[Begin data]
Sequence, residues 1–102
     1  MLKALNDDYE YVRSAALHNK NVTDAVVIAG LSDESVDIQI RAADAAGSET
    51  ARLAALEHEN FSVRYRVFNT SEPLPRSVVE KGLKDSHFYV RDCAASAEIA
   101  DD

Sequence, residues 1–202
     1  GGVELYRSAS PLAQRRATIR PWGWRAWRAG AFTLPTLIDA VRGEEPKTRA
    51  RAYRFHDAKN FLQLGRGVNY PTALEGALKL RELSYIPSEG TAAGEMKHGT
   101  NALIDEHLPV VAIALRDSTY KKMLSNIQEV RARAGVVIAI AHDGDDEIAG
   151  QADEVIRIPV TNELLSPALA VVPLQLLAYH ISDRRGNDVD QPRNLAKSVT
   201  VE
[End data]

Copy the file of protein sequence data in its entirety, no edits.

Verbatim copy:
Sequence, residues 1–102
     1  MLKALNDDYE YVRSAALHNK NVTDAVVIAG LSDESVDIQI RAADAAGSET
    51  ARLAALEHEN FSVRYRVFNT SEPLPRSVVE KGLKDSHFYV RDCAASAEIA
   101  DD

Sequence, residues 1–202
     1  GGVELYRSAS PLAQRRATIR PWGWRAWRAG AFTLPTLIDA VRGEEPKTRA
    51  RAYRFHDAKN FLQLGRGVNY PTALEGALKL RELSYIPSEG TAAGEMKHGT
   101  NALIDEHLPV VAIALRDSTY KKMLSNIQEV RARAGVVIAI AHDGDDEIAG
   151  QADEVIRIPV TNELLSPALA VVPLQLLAYH ISDRRGNDVD QPRNLAKSVT
   201  VE